The Supreme Court under Chief Justice John Roberts has demonstrated that the long-honored principle of stare decisis (that is, adhering to precedent) is less than compelling. So, despite the precedent of Roe v. Wade, the Supreme Court is invited, in a recently argued Mississippi case, to reconsider, and to reverse, that decision.

One of the reasons for reversal is Justice Samuel Alito's contention that Roe v. Wade is "egregiously wrong." Perhaps that's the new standard of review that the court will apply.

If so, the court needs to reconsider several other watershed decisions that can be plausibly said to be egregiously wrong. Among these are: the Heller Second Amendment case in which the court completely ignored the prefatory clause that stated the reason for the amendment ("A well regulated militia being necessary to the security of a free state ... ."); (2) Citizens United, which gave money First Amendment free-speech protection; (3) Shelby County, which in essence declared that racial discrimination in this country has been eradicated, so there is no longer a need for the federal government to preapprove voting laws enacted by certain states that have been notorious in discriminating against African American voters; and (4) Benisek, which said claims that states have gerrymandered election districts so as to ensure partisan, single-party rule are nonjusticiable. That case set many states off on a redistricting frenzy.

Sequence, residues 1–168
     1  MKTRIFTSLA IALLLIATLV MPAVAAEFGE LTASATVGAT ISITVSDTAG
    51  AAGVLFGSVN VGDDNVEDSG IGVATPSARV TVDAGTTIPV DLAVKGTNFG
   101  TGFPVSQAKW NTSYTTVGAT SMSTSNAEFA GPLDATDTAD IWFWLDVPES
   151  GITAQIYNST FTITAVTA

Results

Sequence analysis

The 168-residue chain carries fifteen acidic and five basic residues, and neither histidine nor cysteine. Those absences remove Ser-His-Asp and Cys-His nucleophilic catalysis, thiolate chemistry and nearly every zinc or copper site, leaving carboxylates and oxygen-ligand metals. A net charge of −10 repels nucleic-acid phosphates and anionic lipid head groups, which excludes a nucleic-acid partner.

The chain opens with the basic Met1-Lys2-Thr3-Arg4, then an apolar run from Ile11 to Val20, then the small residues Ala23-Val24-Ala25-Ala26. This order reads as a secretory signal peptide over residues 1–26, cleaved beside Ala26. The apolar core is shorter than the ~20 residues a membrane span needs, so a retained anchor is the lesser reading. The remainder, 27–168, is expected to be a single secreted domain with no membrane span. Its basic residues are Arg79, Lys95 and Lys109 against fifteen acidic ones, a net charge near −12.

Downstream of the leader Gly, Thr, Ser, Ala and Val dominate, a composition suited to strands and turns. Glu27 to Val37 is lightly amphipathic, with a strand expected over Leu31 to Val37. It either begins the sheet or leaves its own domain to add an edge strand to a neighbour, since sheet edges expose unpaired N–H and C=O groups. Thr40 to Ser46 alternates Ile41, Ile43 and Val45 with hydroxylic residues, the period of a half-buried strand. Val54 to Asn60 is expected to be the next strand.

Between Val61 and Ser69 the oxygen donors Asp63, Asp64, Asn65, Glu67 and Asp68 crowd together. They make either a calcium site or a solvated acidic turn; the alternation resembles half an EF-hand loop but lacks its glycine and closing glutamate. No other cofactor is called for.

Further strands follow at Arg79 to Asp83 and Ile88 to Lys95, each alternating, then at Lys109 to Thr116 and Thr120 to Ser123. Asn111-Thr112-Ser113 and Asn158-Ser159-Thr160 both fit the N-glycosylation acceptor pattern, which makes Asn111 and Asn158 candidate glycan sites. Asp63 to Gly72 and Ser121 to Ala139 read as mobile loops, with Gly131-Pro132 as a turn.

These four — among others — egregiously wrong cases have enabled the proliferation of gun violence throughout the nation; caused elections to be unduly influenced by dark money megadonors (including undisclosed foreign donors); have encouraged states with the worst records of voter discrimination to enact even more restrictive laws to burden minority voters; and have given states carte blanche to engage in anti-democratic gerrymandering with impunity.